It came as no surprise when we received the news here at AF, that Honda Malaysia Sdn Bhd (HMSB) had achieved their 6-month sales target for the new BR-V in a mere three weeks after its local launch. In fact, we’d even hinted to its impending success in a previous article in late 2015. At the time of writing this though, HMSB has garnered more than 10,000 bookings for the new BR-V since its launch on January 5th 2017. That’s an absolutely phenomenal achievement on their part, and while the runaway success story for 2017 seems to be this 7-seater Crossover, some of it may have nothing to do with the BR-V at all…
I’ll get to that in about 5min (okay maybe 10min; we don’t count by paragraphs or words online anymore, it’s all about how long I manage to hold your rapidly decreasing attention span) but first I need to expand a bit more about the BR-V after my latest drive impression in Thailand in November last year, in which I did mention straight up in the headline that the BR-V was “going to knock everyone’s socks off“. Hate to say I told you so….
As everyone knows, reviewing a vehicle overseas and then again locally, usually yields a very different result. First-off, the actual vehicles may not be exactly the same, as homologation and local-content take over once it’s assembled in the country that it’s going to be sold in. Secondly, the terrain itself that the vehicle is being driven on invariably yields a different result and assessment. A perfect example would be Honda’s own Civic Type-R; borderline perfect on a racetrack, but will likely shake the fillings out of your teeth on regular roads. The same can be said for the BR-V. Having driven it for the very first time in Japan, and then subsequently in Thailand, it’s safe to say that HMSB has indeed held true to its earlier promise to us, to make the BR-V “even better” for Malaysia.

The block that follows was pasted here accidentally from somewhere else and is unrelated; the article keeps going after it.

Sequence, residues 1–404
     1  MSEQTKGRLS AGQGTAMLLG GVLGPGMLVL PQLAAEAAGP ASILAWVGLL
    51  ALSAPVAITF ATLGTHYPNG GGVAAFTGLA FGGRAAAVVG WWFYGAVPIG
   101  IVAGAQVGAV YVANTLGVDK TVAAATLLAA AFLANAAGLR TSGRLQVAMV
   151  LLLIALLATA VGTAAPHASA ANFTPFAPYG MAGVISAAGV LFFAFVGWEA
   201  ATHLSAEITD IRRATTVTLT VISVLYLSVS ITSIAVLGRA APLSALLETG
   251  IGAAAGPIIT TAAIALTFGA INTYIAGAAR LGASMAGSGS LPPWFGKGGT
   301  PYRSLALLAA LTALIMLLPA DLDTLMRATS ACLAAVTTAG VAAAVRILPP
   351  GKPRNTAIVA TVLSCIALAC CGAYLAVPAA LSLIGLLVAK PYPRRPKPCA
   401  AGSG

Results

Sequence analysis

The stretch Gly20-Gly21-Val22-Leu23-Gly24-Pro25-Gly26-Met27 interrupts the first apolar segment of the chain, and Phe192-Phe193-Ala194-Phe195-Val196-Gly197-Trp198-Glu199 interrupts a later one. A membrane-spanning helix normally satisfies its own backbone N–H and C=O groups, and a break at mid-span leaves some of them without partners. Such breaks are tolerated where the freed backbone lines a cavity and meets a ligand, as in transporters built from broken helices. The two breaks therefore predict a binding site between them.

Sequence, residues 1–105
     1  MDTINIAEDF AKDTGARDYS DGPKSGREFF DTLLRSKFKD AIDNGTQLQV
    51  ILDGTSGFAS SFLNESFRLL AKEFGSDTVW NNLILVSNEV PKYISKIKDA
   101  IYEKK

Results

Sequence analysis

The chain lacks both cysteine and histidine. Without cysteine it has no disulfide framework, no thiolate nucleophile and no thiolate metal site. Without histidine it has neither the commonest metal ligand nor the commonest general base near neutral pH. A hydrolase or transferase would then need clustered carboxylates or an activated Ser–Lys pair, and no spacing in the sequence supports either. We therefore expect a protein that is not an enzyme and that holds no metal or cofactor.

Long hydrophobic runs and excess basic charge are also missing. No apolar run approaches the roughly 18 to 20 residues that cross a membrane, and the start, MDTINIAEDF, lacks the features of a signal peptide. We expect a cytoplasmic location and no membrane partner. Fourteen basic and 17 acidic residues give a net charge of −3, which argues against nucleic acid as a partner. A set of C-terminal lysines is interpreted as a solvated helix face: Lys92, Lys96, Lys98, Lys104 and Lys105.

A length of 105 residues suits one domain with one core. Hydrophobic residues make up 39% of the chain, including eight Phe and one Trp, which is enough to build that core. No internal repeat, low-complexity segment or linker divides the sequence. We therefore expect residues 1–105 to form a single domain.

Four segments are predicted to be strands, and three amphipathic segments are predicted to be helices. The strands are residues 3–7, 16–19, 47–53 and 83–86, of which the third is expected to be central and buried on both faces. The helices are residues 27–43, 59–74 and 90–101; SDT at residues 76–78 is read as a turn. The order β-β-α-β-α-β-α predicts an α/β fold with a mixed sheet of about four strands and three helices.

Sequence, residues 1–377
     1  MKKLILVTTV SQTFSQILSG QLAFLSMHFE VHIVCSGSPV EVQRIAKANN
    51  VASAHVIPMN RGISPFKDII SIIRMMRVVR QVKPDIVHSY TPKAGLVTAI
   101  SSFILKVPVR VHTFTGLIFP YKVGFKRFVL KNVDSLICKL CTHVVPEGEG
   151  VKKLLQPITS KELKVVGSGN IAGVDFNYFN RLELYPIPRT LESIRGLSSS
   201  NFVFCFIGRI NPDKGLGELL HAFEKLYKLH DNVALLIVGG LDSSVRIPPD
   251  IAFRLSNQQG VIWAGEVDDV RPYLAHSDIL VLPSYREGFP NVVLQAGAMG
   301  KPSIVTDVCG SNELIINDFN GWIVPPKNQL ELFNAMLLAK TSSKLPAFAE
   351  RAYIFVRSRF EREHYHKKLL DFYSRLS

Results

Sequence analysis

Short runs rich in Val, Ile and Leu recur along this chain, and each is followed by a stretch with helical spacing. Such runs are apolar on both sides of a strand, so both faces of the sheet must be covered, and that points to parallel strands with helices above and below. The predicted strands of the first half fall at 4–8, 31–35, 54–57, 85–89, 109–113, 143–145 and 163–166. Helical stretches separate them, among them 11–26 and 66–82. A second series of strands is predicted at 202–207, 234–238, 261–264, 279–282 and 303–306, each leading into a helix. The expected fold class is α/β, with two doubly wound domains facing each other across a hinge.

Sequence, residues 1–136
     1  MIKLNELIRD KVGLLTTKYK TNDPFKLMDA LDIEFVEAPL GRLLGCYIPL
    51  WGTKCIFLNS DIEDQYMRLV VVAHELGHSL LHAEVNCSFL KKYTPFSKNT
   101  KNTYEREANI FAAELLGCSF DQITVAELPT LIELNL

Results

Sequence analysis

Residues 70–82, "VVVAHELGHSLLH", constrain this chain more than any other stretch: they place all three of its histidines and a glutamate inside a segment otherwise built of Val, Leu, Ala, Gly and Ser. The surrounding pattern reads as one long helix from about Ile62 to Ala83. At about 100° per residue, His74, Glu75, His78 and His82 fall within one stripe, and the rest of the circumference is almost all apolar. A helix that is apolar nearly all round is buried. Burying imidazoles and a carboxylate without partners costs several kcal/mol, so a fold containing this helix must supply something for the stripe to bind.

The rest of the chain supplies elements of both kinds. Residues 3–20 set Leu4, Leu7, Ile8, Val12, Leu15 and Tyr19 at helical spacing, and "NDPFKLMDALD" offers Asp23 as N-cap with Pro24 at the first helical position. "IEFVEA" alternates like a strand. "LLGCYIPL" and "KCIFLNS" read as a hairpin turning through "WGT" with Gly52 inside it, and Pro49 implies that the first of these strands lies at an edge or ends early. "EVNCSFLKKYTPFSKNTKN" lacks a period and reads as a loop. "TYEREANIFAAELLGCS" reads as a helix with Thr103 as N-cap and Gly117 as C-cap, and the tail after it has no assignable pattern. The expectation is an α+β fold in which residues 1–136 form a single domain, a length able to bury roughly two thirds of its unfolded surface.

For one thing, being aware of our less-than-perfect road conditions, HMSB has reworked the ride and handling of our locally-assembled BR-V. The dampers, tyres and even wheel-settings are customised for Malaysian roads, for optimised road comfort. Better noise-insulation and sound-proofing has also been added to the BR-V, and yes there is a marked difference from the previous units tested overseas. However, though suppressed, at full pelt there’s still quite a bit of engine noise permeating the cabin, especially from the firewall.